Corey Gaskin

It’s a new look for Apple Watches—but all too familiar.

Corey Gaskin

The rear of the casing packs the new SpO2 sensors for measuring blood-oxygen saturation.

Corey Gaskin

But the Apple Watch is overdue for an aesthetic redesign, as it still speaks the design language of iPhones of a few years past. We wouldn’t be surprised to see a bigger screen, flatter edges, and other design improvements of that nature. An upgrade for the processor is likely, too, according to some reports.


We’re just about certain that Apple will announce new iPhone and Apple Watch models at this event. Now we get into the stuff we’re a little less sure of.

First up: AirPods. Apple’s AirPods wireless earbuds have been a runaway success for the company, and they have even spawned two cousins: the in-ear, noise-canceling AirPods Pro, and the pricy, over-ear AirPods Max.

Below: Photos of the first-generation AirPods from our review.

Andrew Cunningham

Andrew Cunningham

Andrew Cunningham

Andrew Cunningham

But apart from the addition of wireless charging to the case and a few other small changes, relatively little has actually evolved about the original AirPods since their debut five years ago.

(Mostly inconclusive) rumors abound that a third generation of AirPods is coming this year, and this event is the best match for that product.

AirPods Pro, which launched two years ago, have shorter stems on each ear bud, and we wouldn’t be surprised to see that tweak come to AirPods. We think it’s less likely that Apple will convert the base AirPods into in-ear headphones, as some have speculated, but we don’t know for sure.


Apple could also make changes to the case that enable better battery life, among other things. But for the most part, we’ll just have to wait and see on this one.

iPad and iPad mini

Last year, Apple unveiled new iPad models at its September event, including the iPad Air and entry-level iPad.

An update to the iPad Air seems unlikely this time around, as that tablet is pretty current. But both the iPad and iPad mini have aging designs that look out-of-place alongside the iPad Air, iPad Pro, and recent iPhones.

A 9to5Mac article citing anonymous sources claimed that Apple will introduce a radically redesigned iPad mini with an edge-to-edge display, a USB-C port, and no home button—in other words, a smaller version of the current iPad Air—with the brand-new A15 chip expected to come in the iPhone 13.

This would be a major update to a product that has largely languished for years, with only sporadic updates to its processor and not much else besides Apple Pencil support.

Below: Photos of last year’s iPad Air from our review. This tablet’s design is said to be the template for an iPad mini overhaul.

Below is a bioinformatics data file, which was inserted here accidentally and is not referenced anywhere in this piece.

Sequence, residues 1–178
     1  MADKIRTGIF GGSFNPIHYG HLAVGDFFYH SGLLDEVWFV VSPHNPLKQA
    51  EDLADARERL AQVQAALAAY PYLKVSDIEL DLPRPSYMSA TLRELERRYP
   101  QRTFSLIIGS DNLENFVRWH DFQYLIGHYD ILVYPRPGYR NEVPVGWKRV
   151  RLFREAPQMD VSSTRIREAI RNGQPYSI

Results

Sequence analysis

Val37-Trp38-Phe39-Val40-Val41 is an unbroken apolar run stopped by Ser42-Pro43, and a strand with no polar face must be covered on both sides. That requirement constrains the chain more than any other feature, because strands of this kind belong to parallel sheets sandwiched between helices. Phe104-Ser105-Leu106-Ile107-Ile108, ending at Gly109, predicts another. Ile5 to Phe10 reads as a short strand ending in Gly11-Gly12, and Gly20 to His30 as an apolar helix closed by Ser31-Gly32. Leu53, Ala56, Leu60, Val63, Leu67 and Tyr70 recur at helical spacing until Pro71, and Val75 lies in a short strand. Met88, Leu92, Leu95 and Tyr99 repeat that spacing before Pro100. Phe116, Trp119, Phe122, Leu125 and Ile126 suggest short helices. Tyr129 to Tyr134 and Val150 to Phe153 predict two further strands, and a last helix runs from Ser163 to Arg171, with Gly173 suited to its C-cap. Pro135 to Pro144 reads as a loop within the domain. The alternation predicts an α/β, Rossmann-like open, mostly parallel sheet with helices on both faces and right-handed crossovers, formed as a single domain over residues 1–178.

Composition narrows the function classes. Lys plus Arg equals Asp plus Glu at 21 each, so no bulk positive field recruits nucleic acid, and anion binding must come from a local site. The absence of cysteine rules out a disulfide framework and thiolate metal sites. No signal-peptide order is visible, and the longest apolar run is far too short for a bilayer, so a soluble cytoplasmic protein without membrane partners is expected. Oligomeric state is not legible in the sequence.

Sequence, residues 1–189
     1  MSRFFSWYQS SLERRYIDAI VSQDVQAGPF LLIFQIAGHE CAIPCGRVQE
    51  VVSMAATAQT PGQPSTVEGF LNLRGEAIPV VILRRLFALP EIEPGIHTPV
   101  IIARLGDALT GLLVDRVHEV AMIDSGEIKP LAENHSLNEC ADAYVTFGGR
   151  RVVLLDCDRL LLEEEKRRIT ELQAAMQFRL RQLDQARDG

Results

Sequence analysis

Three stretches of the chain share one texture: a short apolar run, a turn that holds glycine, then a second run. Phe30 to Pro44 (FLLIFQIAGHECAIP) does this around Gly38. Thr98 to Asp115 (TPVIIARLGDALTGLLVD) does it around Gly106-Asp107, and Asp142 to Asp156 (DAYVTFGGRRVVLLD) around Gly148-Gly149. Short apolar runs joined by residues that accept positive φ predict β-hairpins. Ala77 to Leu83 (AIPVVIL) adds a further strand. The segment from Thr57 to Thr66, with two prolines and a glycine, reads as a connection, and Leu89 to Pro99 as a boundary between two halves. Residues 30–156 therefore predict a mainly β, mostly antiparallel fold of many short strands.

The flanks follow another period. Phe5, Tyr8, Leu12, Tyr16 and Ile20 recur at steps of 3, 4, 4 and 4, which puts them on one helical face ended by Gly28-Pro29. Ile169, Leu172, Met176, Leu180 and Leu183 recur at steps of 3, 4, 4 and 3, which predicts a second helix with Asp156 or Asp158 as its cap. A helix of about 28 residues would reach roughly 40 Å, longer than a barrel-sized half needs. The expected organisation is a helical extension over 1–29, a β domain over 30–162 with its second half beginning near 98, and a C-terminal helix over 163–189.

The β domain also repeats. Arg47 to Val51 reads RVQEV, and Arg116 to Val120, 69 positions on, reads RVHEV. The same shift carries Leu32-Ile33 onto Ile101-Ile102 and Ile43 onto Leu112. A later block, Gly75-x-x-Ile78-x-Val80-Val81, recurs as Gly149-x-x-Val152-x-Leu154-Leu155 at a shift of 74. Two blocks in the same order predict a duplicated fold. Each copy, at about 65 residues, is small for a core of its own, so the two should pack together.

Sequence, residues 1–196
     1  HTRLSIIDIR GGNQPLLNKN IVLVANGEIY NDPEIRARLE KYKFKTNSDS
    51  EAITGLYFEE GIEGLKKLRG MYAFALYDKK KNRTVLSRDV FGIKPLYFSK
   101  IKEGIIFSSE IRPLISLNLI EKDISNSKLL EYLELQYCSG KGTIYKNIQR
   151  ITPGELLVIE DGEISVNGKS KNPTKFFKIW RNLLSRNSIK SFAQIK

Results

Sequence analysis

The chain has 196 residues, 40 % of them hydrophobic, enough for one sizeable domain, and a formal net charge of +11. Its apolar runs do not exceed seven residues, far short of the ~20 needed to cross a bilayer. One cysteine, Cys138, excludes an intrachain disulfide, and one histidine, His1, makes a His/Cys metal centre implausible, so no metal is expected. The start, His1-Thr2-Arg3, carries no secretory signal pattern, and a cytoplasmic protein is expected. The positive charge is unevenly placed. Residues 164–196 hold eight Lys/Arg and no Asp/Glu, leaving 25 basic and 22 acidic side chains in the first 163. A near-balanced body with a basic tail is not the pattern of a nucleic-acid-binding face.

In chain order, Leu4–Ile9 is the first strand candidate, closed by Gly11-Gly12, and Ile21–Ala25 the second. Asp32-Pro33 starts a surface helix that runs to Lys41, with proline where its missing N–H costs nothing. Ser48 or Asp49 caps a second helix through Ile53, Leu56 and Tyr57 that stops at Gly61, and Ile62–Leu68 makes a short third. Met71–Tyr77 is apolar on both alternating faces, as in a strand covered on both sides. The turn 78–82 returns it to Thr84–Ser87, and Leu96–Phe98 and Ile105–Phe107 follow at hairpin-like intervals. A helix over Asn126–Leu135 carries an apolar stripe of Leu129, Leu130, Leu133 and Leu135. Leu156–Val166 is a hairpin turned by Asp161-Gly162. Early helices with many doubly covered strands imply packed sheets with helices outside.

The 2020 iPad Air.

Here’s the single camera on the back of the device.

Samuel Axon

It’s exactly as thin as the iPad Pro, despite its name.

Samuel Axon

Thankfully, we’ve moved on to USB-C here.

Samuel Axon

The keyboard connector returns.

Samuel Axon

The second-generation Apple Pencil magnetically attaches to the edge just like it does on the iPad Pro.

Samuel Axon

Here’s the iPad Air with the Magic Keyboard and trackpad, which costs nearly half as much as the iPad itself.

Samuel Axon

Since it shares a keyboard cover design with the iPad Pro, the camera hole looks a bit wonky, but it works.

Samuel Axon

The iPad Air camera bump compared to the iPad Pro.

Marlowe Bangeman

The iPad Air and iPad Pro side by side

Marlowe Bangeman

Apple could do the same with its entry-level iPad, but we also wouldn’t be surprised if Apple didn’t do that. After all, the main role of that iPad is to stay cheap so schools can afford it. That said, a processor bump is due, so we might see that, at least.

If the iPad Air gets an update, expect it to be a bump to the A15 chip, with no other changes. And the current, M1-equipped iPad Pro is one of Apple’s most current products, so it’s unlikely that we’ll see a new iPad Pro this month.

We think it’s likely that Apple will announce an updated iPad mini and base iPad within the next few months, but it’s entirely possible Apple will hold off its iPad announcements until later in the year; the company hasn’t always been consistent about exactly when in Q3 or Q4 it reveals or launches new tablets.

What about Macs?

The Mac is in an awkward spot. All the lowest-end Macs have Apple-designed chips to replace the Intel CPUs that have been a part of the Mac for years now. But the high-end Macs like the 27-inch iMac, the 16-inch MacBook Pro, and the Mac Pro are still living in the old paradigm.

It’s very likely that at least the MacBook Pro and maybe the large iMac will get their Apple Silicon updates this year. (All signs point to a Mac Pro desktop tower update in 2022, not 2021.)

But Apple has not usually announced Macs alongside the iPhone at its recent September events, opting instead to save those products for October, November, or even December. So don’t expect new Macs—yet.